On top of this, we were able to pray inside the Adoration Chapel daily during the afternoon hours. Priests celebrate Mass every day of the week in a variety of languages, and we attended the English language Mass. In the evenings, we joined with other pilgrims, praying the Rosary before the 6:00 p.m. Croatian Mass. Behind the church stands the Statue of the Risen Christ. This bronze sculpture has been weeping droplets of a liquid substance since 2001. There is no valid scientific explanation for this phenomenon. We reverenced the sculpture and obtained some of the weeping liquid ourselves.
And then there are the occasional “miracles of the sun” where the sun seems to pulse or move in the sky. A companion pilgrim from our parish pointed out one such miracle to us as we came down from Apparition Hill. But through all of this, over the years, untold numbers of pilgrims have converted or reverted to the faith. Many have found religious vocations there. Others have come away with deeper conversions in their faith. The true fruits of Medjugorje don’t come in external signs and phenomena. They reside in the changed souls of the visitors to Medjugorje.
Reflecting on the Fruits
We heard edifying, inspirational homilies during Mass each day—we had three priests in our pilgrimage cohort–what a blessing! Fr. Leon Pereira, OP, the Medjugorje Chaplain to English Speaking Pilgrims, and Father Branimir Musa from Tihaljina, a neighboring parish, gave us even more spiritual food for thought as well. Some key takeaways from all that we experienced include the fact that we all need to pray more. As St. Paul tells us, we should pray without ceasing.
Father Leon, I believe, asked us to consider key questions for our interior lives. He suggested we ask ourselves if we are living each day as if it were our last day, living and loving the Lord and one another, in the moment. Or do we fret over past incidents and worry about the future, taking our eyes off of Jesus and ignoring the needs of our fellow sojourners? Father Branimir suggested that we look forward, out to our last day here on earth. When we do come to our last day in this life, will we look back with regret over the fact that we could have prayed more, and prayed more fervently?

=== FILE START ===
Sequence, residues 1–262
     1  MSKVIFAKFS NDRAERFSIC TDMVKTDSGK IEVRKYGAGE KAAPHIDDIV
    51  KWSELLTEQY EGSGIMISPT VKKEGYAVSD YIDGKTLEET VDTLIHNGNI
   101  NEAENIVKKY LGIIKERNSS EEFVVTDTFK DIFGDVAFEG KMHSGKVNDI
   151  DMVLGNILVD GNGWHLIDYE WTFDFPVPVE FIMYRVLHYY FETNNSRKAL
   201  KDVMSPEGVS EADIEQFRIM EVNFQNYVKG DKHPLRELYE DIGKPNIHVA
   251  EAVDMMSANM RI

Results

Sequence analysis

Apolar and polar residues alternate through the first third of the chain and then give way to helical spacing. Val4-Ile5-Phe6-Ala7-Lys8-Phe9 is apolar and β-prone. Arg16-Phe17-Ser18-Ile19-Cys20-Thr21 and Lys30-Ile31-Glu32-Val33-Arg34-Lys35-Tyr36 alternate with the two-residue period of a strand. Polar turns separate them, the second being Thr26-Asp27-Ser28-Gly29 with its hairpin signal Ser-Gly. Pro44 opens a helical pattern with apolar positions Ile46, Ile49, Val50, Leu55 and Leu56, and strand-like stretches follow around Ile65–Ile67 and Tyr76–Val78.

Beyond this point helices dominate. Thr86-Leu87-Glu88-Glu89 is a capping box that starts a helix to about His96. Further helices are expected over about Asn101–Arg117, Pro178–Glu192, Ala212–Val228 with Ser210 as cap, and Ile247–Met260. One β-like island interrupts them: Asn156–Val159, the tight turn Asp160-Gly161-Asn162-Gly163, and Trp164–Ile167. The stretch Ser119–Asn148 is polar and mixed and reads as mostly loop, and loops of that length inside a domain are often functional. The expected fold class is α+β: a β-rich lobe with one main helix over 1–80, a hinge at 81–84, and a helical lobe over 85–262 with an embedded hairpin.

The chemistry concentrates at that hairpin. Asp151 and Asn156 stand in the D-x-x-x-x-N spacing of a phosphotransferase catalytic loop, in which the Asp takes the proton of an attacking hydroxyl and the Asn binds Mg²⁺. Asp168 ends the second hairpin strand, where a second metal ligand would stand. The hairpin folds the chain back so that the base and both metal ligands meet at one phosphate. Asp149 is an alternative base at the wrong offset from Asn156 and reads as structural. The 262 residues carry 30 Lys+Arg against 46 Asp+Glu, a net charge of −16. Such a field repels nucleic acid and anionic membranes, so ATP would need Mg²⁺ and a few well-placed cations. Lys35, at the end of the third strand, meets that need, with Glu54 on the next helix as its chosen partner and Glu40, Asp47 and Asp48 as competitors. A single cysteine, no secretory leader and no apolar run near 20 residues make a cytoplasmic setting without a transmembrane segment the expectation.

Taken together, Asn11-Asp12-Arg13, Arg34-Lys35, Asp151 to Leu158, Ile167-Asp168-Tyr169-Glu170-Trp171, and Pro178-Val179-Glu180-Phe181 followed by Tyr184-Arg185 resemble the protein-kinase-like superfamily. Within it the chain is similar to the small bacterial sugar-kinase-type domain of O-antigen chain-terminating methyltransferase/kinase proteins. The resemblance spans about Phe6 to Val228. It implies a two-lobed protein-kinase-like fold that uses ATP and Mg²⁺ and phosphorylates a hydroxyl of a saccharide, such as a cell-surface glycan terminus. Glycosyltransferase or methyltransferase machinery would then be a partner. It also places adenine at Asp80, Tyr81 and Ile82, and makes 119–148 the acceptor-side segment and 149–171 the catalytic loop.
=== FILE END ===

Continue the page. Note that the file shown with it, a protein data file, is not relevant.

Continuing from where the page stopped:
There’s no time like the present to make some course corrections in our lives if need be. Mary pleads with us to do so. She has been doing this not only at Medjugorje, but at Fatima and other apparition sites as well. Our Blessed Mother will intercede for us, for the graces we need to help us change our lives. Jesus wants us to come to Him, to be one with Him, but He needs our cooperation. That’s the essence of the message here: be faithful to God’s graces, cooperate with Him to grow in holiness. How? Pray the Rosary from the heart, pray with Scripture, frequent the sacraments, and fast. It’s all very much part of our Catholic faith. We just need to live it with vigor.
The Bottom Line
So, what’s the story with Medjugorje? My wife and I received immeasurable graces and blessings from our pilgrimage there. There is a saying that, if one goes to Medjugorje, it’s because Our Lady has called them to do so. She called us, and we are grateful that she did. We’d do it again, regardless of what skeptics claim, and with or without a pulsing sun.
O Mary, Queen of Peace, pray for us.